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Economy expected to remain stable

Despite planned layoffs and a soft housing market in Ventura County, a study finds cause for some optimism.

September 07, 2007|Gregory W. Griggs | Times Staff Writer

Despite a soft housing market and the layoffs planned by Amgen Inc. and Countrywide Financial Corp., the Ventura County economy is expected to remain stable and those workers who lose their jobs are likely to find other employment in the region, according to a new economic report.

The two Fortune 500 companies have been a big part of the county's economic engine over the last decade, and their planned job cuts are not expected to significantly hurt retail spending or spur a recession, said Mark Schniepp, director of the California Economic Forecast.

"Things will not be that bad," he said.

Schniepp presented a midyear update of his 2007 economic predictions at a conference Thursday in Thousand Oaks. Although housing sales are down, overall home values in the county remain relatively strong as does consumer spending, his report found. And although the job market has slowed, skilled workers remain in demand by area employers.

"There will be a drag in overall growth, but recent events are not enough to materially impact the local economy, let alone sink it," the report said.

Still, the county is likely to feel the pain of cutbacks by two major employers.

Last month, Thousand Oaks-based Amgen, the county's largest private employer and the world's largest biotech company by sales, announced it was cutting 2,200 to 2,600 jobs. Of its 20,000 employees worldwide, 8,600 are based in Thousand Oaks.

The biotech firm has been rocked by studies that raised safety concerns about two of its best-selling drugs: the anemia medications Aranesp and Epogen. Those drugs, which are the single biggest medication expense in the federal Medicare program, accounted for half of Amgen's $14.3 billion in revenue and 60% of its $2.95 billion in profit last year.

In addition to Amgen's troubles, Countrywide Financial on Wednesday said it had eliminated 900 jobs nationwide. About 6,000 of the mortgage giant's 61,000-person workforce is in Simi Valley and 9,000 others work throughout Southern California, including at the firm's headquarters in Calabasas.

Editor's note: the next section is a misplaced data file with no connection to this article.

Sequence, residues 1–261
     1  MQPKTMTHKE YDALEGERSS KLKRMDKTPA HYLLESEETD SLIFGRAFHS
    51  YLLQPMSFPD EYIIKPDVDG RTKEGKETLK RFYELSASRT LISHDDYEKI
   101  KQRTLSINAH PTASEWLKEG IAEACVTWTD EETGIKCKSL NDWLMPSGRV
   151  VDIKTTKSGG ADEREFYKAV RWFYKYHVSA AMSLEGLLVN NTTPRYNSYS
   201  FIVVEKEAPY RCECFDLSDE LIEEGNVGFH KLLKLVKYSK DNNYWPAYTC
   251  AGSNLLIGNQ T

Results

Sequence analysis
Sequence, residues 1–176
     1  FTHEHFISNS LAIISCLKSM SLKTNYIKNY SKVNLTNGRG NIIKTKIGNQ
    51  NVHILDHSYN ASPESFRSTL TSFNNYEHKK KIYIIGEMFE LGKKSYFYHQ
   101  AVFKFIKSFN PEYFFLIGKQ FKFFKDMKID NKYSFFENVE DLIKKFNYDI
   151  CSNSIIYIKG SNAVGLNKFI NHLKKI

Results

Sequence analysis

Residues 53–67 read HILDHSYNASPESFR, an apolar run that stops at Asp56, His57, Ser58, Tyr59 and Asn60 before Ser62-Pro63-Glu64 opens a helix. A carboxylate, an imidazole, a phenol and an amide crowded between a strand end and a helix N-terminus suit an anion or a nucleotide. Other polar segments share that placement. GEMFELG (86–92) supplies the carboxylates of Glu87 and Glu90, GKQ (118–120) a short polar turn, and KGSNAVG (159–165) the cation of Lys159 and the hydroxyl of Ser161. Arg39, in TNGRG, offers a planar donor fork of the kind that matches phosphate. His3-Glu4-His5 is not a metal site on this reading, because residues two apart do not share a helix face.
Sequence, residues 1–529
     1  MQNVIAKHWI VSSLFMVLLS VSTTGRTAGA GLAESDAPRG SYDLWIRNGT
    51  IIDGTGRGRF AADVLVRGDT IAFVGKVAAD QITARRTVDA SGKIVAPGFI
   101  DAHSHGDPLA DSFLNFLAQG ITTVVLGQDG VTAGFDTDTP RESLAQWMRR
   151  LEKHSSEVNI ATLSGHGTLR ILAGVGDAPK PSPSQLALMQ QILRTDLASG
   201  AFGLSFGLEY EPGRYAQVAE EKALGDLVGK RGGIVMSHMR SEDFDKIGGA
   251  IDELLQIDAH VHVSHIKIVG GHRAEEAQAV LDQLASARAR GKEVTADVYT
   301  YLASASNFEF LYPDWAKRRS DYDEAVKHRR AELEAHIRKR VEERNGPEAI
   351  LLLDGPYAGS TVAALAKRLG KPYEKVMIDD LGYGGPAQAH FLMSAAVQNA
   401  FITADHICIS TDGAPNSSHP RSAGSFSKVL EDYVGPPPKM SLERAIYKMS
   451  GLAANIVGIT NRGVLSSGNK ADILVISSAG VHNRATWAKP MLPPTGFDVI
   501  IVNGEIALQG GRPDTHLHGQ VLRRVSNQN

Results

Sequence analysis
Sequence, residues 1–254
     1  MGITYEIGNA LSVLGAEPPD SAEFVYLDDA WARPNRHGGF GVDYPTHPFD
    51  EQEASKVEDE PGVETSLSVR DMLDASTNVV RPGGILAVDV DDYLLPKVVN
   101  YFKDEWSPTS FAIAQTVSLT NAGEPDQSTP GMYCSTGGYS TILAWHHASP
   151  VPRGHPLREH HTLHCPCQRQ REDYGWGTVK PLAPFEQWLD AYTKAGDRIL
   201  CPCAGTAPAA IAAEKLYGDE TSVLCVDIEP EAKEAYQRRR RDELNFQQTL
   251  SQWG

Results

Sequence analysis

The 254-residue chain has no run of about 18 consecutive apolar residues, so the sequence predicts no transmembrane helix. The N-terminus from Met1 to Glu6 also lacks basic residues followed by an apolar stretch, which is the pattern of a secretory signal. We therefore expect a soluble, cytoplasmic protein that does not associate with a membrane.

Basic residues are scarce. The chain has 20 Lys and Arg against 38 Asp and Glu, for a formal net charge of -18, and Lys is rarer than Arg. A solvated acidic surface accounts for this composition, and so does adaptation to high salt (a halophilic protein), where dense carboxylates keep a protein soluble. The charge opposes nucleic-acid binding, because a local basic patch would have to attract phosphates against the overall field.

The two companies added more than 900 jobs, on average, each year to the Ventura County labor pool over the last decade, Schniepp's report said. Even if there were no layoffs, the economic survey said "the lack of new hires will be akin to 900 workers laid off per year."

How severely this will affect overall job growth is unknown, the report states. That will depend on the number of local jobs affected and the strength of the regional economy for the remainder of the fiscal year.

Low unemployment rates in Ventura and neighboring Santa Barbara and Los Angeles counties make it likely that Amgen and Countrywide workers who lose their jobs will find other employment in the area, according to the economic study.

Fears that layoffs at Amgen -- whose local employees earn an average annual salary of $162,000 -- would significant hurt the county's economy are also unfounded, the report found. The main reason is that unskilled workers are those most likely to lose their jobs, the study said.

"You're not going to cut your most skilled workers who are doing all the drug research, because when [business improves] you can't hire them back," Schniepp said. "You need those people; they have corporate memory. They are the ones who are going to stay."

Meanwhile, the nation's subprime mortgage meltdown is expected to have little effect locally. The number of those mortgages is less of a problem in Ventura County than elsewhere in Southern California, where such borrowing accounted for 27% of all home loans in 2006.

In Ventura County, roughly 15% of home loans were made last year to those with FICO scores of 620 or lower, down from nearly one in four loans in 2004.

By comparison, subprime lending in the Inland Empire accounted for 33% of home loans last year. In Los Angeles County, the number of such loans was 25%. Orange and San Diego counties reported 17% each.

But mortgage defaults -- meaning a homeowner who has been officially notified about late payment -- in Ventura County are at an all-time high. Defaults are also at record levels in Riverside, San Diego and Santa Barbara counties.

Despite uncertainty in mortgage markets and a falloff in home sales, the selling prices of homes in Ventura County have not fallen much so far this year, the report states.

According to the California Assn. of Realtors, the median price of a Ventura County home -- the point at which half of them cost more and half cost less -- was down just 3.2% in July compared with July 2006.

Two rival measurements, one from a unit of the U.S. Department of Housing and Urban Development and the other from a private company, have median prices down 4.3% in June and 5.8% in July, respectively.

greg.griggs@latimes.com

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